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Fashion History: A Brief
The earliest clothing dates back from 20,000 B.C. as evidence by the
discovery of sewing needles made from bone and ivory. Clothing was made
solely from natural products, like animal skin, tree bark, and leaves.
People wear clothes because it satisfies physical, psychological, and
social needs. A physical need for clothing would be to keep warm in cold
weather, or to protect the skin from the sun. But fashion is more than
just a response to basic survival needs: fashion is when clothing is used
to enhance appearance or to adorn, decorate, and form silhouettes on the
body. Culture determines which types of adornment and physical features
are seen as desirable--whether tattoos, piercings, corsets, or foot
Fashion is used as a social indicator, which means that what a person is
wearing expresses (with or without intent of the wearer) his or her social
standing. Silhouette (or the overall shape that a garment gives the body),
fabric, color, and sometimes even designer, combine to create a message
about the person they adorn.
In some ways, fashion can be seen to separate people into groups: think
about John Hughes’ classic film The
Breakfast Club, from 1985. In the movie, five misfits from different
social cliques befriend each other during Saturday detention. Viewers of
the film are expected to immediately understand that the teenagers are not
friends without the help of dialogue, because their different social
standings are revealed through their clothing and hairstyles: the preppy
princess in pastels and cardigans, the jock in his sport’s jacket, the
brainy nerd in a large sweater, the punk-inspired rebel in denim and
leather, and the recluse hiding behind her hair and oversized costume.
Without fashion indicators, it would be difficult to tell the high-end
executive from a melancholy Goth rocker.
Fashion, in addition to identifying people as a member of a social group
(whether as one of the preppy kids in high school or as a working class
all-American manly man) is also used to set people apart. People enjoying
dressing and putting together outfits because it gives them a sense of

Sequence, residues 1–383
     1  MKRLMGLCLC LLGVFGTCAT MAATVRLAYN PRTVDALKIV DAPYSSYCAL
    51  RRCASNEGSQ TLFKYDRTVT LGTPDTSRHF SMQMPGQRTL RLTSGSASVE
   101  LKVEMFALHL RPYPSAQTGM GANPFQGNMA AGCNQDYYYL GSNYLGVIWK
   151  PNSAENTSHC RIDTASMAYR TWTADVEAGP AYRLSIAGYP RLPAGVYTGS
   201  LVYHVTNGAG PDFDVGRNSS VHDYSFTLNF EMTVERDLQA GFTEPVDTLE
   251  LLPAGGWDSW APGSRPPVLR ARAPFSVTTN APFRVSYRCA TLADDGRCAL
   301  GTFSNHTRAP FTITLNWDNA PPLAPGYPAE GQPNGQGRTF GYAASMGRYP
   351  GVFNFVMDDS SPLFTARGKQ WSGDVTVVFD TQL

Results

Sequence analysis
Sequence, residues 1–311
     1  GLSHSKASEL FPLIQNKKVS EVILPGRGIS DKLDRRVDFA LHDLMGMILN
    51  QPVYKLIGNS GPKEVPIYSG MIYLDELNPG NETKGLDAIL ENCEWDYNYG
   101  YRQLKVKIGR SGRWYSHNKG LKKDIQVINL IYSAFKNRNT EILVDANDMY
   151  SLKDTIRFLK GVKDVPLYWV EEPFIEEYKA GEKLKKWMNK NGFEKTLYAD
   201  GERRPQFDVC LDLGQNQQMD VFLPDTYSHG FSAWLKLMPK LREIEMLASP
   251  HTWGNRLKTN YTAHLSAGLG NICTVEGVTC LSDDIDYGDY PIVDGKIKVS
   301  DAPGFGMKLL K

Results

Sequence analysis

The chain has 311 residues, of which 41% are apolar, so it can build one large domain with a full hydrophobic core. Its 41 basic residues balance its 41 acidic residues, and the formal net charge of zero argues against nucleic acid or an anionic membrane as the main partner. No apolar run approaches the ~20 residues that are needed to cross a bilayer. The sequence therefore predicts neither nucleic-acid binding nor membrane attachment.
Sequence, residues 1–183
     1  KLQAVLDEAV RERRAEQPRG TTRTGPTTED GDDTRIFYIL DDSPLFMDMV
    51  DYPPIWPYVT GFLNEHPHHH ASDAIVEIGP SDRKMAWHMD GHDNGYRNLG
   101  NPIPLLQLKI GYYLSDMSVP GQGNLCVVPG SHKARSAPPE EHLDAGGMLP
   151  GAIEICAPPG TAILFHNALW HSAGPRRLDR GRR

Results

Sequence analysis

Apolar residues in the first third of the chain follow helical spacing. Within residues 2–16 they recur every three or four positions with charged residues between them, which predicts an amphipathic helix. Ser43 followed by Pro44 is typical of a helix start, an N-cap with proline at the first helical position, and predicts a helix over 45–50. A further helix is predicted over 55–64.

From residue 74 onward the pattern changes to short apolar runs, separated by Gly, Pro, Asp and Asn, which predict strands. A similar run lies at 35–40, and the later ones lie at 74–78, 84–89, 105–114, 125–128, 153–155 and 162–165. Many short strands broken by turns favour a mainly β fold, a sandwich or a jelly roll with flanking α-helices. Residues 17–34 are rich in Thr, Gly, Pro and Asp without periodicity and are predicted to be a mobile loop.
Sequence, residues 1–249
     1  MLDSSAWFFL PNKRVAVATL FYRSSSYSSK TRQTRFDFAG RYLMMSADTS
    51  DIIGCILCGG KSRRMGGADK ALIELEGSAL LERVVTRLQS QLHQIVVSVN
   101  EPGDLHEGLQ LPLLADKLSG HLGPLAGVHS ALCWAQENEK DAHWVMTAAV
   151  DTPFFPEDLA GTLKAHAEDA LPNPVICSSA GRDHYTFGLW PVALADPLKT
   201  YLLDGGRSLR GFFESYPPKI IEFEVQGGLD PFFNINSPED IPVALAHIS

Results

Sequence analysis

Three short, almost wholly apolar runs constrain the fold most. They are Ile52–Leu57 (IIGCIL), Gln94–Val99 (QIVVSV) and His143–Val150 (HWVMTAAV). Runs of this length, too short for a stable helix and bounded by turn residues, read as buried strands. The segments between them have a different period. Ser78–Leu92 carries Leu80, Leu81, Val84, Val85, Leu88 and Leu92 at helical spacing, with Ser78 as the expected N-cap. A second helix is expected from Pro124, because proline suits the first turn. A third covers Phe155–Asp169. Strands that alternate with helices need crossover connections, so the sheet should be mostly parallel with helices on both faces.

unique artistic expression. Wearing something in an original way, or
combing colors and shapes in a manner that one hopes will cause eye-turns,
ensures a person that she or he has a unique sense of style and personal
This duel concept of fashion, both as a group indicator and a way of
expressing individuality was first expressed by sociologist
in his 1920 essay On Fashion.
Those interested in a more academic and theoretical understand of fashion
may be interested in reading his material.
So what then is the history of fashion? The history of fashion is the
study of which silhouettes, colors, designers, and structures that were
worn by a given people at a given time and what those things symbolized.
Changes in style occurred more quickly with the advent of the industrial
revolution from the late 1700s to late 1800s: with the invention
of the sewing machine, and later synthetic fabrics,
garments were produced at mass levels. Added to this was the invention of
photography, and styles which could be viewed from all over the world,
were now more quickly spread about. Different garments’ symbol natures
began to rapidly changed, as well.
An example of how a garment can change throughout the years can be found
in jeans. In the 1850s, jeans were worn by the working class, such as
railway men, cowboys, and miners. Because of this, they became both a
symbol of the west and of poverty. In the 1950s, teenage rebels began
wearing jeans as a fashion statement. Jeans then became associated with
the rock and roll adolescent subculture. In the early 2000s, designers
began distressing jeans to the point at which the garment would unravel
after a few wears and selling them for hundreds of dollars. Beat up jeans,
in 150 years, went from being a symbol of the poor to the super rich. And
now that the super rich has worn beat up jeans, the average American has
too, and they are no longer a symbol of the poor.
Oscar Wilde is quoted as having said, “Fashion is a form of ugliness so
intolerable that we have to alter it every six months.” While you may or
may not agree that fashion is ugly, the fact that it is altered rapidly is
For many years fashion was understood as a cycle: first the nobility wore
something or molded their bodies into a silhouette that, because it was
wore by them, was considered in vogue. Later this style was imitated by
the commoners. When the styles had finally reached the commoners, the
nobility had found a new style to be in vogue, so that the nobility and
the commoners would never be mistaken for each other. In certain cultures,
like France up until the 17th century, there were sumptuary laws, or laws
that indicated what a person of a certain social hierarchy could wear.
This cycle is still somewhat true to modern culture, although the styles
go from nobility (or runway couture) to commoner (or H&M off-the-rack
knockoffs) much more quickly. More about the modern fashion cycle can be
read here (Stages of the Fashion Cycle).
However, many would argue the opposite is true as well. Instead of average
middle class people looking to the upper class for their clothing cues,
designers look to the streets for more “authentic” fashions worn by
adherents to various subcultures. This is true in the works of various
high fashion designers. Punk, gothic, and bohemian subculture looks are
repeatedly borrowed for the runway.
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